The Big Three American auto makers are in trouble. The companies are broke, the brands are floundering, and all eyes are on Detroit. Should we support Chrysler, GM, and Ford? Should we give $25 billion of taxpayer money for these companies to pay their debts and keep the unions happy?
Or should we support an innovative startup that values technology and approaches problems with new energy and efficiency?
I think the choice is obvious…
The trouble is, of course, in branding! What does a Chrysler stand for? What are the values of Ford? Where does GM distinguish themselves? These companies have developed brands, and cars, that are middle of the road, dull, and non-distinct. They’ve been aiming for “everyone” as a target audience — the result is that “no one” wants it. This is like what Seth Godin says about Tribes — you can’t have a tribe until you have outsiders. In other words, “everyone” is not an option, you have to select who you want to target. Fail.
I say let ’em fall.
They’ve also failed in innovation. Somewhere down the line, probably in the mid 70s, the American auto makers switched mindsets. Instead of making vehicles that could do more, go faster, out perform and out impress rivals, they started selling cars that made money. Of course every car sale should earn money, but when accountants and marketers take over a company that, ultimately, produces big, heavy, metal things, you know you’re destined for problems.
Personality in auto brands is important. A young, single, male driver doesn’t want to buy the same car as a soccer mom. Teenagers don’t want to push the same ride as their grandfathers. Age, lifestyle, income, and topographical needs (to truck or not to truck), all weigh on a consumer’s mind. So when a company introduces a car for everyone, the father brand loses it’s power.
Car companies are odd in that they all, somehow, take on this bizarre hierarchal structure. Ford produces its own models, but also owns Lincoln/Mercury, Aston Martin, Volvo cars, and until recently, Jaguar and Land Rover. GM has always held this structure with the Chevy, Oldsmobile, Buick, and Cadillac all occupying different strata in the marketplace. Each brand has since spawned it’s own line, blurring the lines between (and among) the branded structure. Chrysler’s most successful brand is Jeep, which could exist as it’s own company. Why doesn’t it?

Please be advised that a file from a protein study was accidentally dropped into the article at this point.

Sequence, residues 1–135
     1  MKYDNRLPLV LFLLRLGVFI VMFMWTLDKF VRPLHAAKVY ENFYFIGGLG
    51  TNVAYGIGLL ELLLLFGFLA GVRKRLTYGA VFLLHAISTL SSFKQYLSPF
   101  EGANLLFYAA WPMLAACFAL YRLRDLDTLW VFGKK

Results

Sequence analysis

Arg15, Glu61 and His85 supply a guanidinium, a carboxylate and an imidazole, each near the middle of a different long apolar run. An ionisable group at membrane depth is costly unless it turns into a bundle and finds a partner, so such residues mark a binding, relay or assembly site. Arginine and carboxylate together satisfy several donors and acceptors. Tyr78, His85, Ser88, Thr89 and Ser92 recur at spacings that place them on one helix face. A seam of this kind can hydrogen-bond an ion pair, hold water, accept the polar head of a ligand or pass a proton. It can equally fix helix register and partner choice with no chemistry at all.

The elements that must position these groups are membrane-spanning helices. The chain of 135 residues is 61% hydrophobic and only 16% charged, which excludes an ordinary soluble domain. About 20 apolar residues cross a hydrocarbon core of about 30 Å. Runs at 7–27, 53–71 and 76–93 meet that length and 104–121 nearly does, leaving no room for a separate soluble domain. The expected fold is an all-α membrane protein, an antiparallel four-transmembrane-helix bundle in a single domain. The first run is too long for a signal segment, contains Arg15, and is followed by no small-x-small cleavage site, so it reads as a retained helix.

Now, let’s compare that with something like Tesla, the maverick electric car company that builds one model, a $120,000 roadster. The car itself embodies the brand values, innovative, energetic, rebellious, and exclusive. The purpose of Tesla isn’t simply to sell fast-moving convertibles, but to push the industry forward with every new model that rolls off the lot.
The trouble with Tesla is simply how to get it off the ground! Starting a car company isn’t easy, there’s a lot of overhead that comes along with assembling the cars — let alone the design and research behind making a prototype (often required for funding). Politics will also intrude on a cold launch and squash startup ventures. Remember the Delorean?
Tesla has plans for a four-door model in the same mode as the original roadster. Although the four-door is slightly more sensible, it’s not such a massive departure — it’s still “on-brand.” Another company that’s done this is Smart. A subsidiary of Mercedes, Smart has a distinct brand associated with their distinctive car designs. The original Smart car has been joined by a four-person brother, but the soul of the brand is still intact. You wouldn’t find a Tesla pickup truck, or a Smart minivan, so why are Ford, Chrysler, and GM so desperate to extend their lines every which way?
With government support for smaller companies and startups like Tesla, innovation in the auto industry would become the norm, not the exception. Companies would be able to introduce new products within a year or two, rather than a decade as is the case with massive companies. A culture of competition would drive the market, and the makers. The demands of the people would be heard faster and more directly than going through 14 layers of corporate feedback loops. Everything would be better, methinks.
There is a shift in the auto industry, and Washington should allow it to happen. Smaller, targeted, efficient automakers are taking over. The Big Three are going bye-bye. Let it happen. Embrace it.